2. When behavior change requires a degree of emotional excitement or feelings of loyalty and solidarity, then, once again, similarity among the sources of reinforcement will help to inspire behavior change.
  3. When behavior change is based on legitimacy—that is, believing that the behavior is widely accepted—then the opposite is true: diversity among reinforcing sources of adoption is key for spreading the innovation. Think of the equal-sign campaign on Facebook.

When it comes to creating relevance, context is king. Deciding whether the key factor is diversity or similarity (and what kind of similarity) depends upon the barriers to adoption—the kind of resistance that your desired behavior change will be most likely to encounter. Is it an issue of credibility, legitimacy, or excitement? Once you identify the kind of resistance, you will also know how to create relevance.

 

Strategy 6: Use the snowball strategy.

The snowball strategy creates stable pockets of legitimacy for an innovation. The emphasis here, again, is on special places, not special people. Incubator neighborhoods allow a new behavior to compete against an established norm. Contrary to the lessons learned from decades of research on simple contagions, too much exposure to non-adopters early on is counterproductive. Two principles can help you apply the snowball strategy:

  1. Know the community and its boundaries. Is your target community composed of farmers in Iowa, homeowners in Germany, or villagers in Zimbabwe? Who are the people you want to reach, what do they believe, and what are the social norms you want to change? To tip a social norm, you must first determine the boundary of the community that you want to change. Is it a neighborhood, a state, or a nation? Is it an online chat group or a political party? Is it an organizational division or an entire firm? Once you know the boundaries of your community, the next step is to find the special locations within the network.
  2. Target bridging groups. Bridging groups are social clusters that establish wide bridges between divisions. Think of a group working between the engineering team, the design team, and the sales team. Bridging groups are special because they are the most centrally located groups in a social network. Individually, the members of a bridging group are indistinguishable from anyone else. They are not highly connected “influencers” or brokers, nor are they even likely to know they occupy a special location. Their influence comes from the fact that collectively they sit amid more wide bridges than any other social cluster in the population. This makes these network locations efficient for initiating snowball campaigns.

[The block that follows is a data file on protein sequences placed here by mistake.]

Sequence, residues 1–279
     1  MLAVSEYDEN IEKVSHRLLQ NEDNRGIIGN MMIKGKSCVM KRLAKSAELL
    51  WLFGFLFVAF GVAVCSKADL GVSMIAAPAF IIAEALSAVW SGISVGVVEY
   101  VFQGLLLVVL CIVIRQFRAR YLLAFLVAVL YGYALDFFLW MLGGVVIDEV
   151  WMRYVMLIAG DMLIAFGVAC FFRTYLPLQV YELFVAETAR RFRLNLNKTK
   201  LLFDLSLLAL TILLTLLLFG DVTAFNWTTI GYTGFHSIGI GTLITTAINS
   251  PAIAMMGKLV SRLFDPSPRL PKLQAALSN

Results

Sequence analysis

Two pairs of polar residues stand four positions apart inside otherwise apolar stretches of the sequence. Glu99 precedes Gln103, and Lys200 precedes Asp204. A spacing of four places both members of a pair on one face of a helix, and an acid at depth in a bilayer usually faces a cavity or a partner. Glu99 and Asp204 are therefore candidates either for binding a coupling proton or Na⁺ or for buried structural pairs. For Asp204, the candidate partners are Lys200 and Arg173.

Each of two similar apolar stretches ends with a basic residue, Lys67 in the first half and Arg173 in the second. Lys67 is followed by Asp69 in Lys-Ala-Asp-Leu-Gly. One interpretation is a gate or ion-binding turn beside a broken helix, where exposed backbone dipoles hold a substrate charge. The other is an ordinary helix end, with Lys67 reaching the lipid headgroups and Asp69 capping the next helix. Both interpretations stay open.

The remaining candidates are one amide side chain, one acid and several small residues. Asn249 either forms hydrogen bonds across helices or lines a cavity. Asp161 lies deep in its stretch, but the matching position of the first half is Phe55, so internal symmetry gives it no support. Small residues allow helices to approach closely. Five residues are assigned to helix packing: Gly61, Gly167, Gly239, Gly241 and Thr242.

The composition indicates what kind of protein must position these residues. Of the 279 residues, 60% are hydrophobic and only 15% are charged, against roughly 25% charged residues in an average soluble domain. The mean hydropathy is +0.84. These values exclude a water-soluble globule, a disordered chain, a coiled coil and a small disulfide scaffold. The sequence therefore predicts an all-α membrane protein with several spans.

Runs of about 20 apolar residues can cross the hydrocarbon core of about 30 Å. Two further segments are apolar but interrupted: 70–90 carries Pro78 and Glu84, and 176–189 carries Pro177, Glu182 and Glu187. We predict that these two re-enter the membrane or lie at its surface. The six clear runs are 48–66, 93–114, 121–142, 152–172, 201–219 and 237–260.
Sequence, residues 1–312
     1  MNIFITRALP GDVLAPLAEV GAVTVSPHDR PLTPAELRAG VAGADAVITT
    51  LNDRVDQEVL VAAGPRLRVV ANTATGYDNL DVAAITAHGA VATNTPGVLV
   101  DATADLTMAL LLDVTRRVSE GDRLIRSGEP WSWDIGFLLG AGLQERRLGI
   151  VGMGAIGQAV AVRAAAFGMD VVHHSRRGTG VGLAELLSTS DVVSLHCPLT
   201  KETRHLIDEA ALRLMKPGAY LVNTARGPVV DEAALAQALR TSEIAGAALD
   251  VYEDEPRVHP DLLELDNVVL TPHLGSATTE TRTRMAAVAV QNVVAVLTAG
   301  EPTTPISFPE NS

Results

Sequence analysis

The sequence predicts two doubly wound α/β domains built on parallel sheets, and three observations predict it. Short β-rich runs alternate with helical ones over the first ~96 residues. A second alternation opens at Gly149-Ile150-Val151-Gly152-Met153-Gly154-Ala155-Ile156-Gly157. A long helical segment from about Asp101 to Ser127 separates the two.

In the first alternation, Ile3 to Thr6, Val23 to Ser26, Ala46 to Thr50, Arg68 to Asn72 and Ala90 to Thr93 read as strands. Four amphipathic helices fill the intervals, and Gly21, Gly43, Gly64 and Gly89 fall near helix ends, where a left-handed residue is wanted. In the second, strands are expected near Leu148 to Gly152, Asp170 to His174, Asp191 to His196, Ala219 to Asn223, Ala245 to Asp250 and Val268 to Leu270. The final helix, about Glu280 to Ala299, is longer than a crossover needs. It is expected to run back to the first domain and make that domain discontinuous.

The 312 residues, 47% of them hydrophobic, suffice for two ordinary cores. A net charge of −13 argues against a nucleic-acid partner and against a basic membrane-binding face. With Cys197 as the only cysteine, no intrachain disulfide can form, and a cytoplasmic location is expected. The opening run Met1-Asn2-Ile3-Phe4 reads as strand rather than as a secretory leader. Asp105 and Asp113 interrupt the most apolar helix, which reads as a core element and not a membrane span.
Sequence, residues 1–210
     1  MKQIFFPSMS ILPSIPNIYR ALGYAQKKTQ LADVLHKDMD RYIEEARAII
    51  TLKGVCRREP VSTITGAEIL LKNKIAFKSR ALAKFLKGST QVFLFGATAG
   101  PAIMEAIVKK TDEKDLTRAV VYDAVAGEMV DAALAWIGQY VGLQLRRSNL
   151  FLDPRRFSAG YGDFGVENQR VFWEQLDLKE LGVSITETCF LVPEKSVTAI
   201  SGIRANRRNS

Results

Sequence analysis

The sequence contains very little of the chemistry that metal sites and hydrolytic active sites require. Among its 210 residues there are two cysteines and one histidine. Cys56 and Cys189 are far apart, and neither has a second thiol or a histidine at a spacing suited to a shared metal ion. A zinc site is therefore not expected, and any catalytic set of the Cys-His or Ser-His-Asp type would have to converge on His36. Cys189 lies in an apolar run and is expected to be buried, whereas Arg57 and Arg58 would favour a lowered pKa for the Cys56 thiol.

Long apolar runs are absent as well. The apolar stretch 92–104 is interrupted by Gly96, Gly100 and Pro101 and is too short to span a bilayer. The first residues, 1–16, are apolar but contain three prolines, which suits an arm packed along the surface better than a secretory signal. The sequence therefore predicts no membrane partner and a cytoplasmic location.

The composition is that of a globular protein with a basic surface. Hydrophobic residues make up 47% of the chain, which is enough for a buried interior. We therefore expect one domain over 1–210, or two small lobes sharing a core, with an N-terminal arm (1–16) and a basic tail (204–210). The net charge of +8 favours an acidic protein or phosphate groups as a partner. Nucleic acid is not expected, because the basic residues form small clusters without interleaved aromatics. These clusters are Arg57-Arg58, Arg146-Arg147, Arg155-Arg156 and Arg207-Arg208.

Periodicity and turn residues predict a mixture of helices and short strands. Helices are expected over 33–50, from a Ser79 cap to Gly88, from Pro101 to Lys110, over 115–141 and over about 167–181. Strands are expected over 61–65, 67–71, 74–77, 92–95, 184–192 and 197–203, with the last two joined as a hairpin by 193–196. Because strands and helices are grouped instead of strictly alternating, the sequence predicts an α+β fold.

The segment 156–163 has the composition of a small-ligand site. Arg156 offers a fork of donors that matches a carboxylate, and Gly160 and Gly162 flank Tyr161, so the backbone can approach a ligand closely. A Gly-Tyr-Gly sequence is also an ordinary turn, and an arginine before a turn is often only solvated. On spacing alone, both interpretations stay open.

Strategy 7: Design team networks to improve discovery and reduce bias.

Networks are not neutral. They either foster innovation or they hamper it. They either promote knowledge transfer across groups or they reduce it. The right contagion infrastructure spurs teams to be more creative, and groups to be more cooperative; the wrong one can thwart creativity and cooperation.

Breaking free of old ideas and discovering new common ground requires a contagion infrastructure that preserves diversity and stimulates the discovery of new knowledge. Untapped knowledge lives in the network periphery. The right contagion infrastructure can bring that knowledge to everyone—and reduce a group’s unconscious bias in the process.


 


Kyaw Wai Yan Tun

Hi, I'm Wai Yan. I love designing visuals and writing insightful articles online. I see it as my way of making the world a more beautiful and insightful place.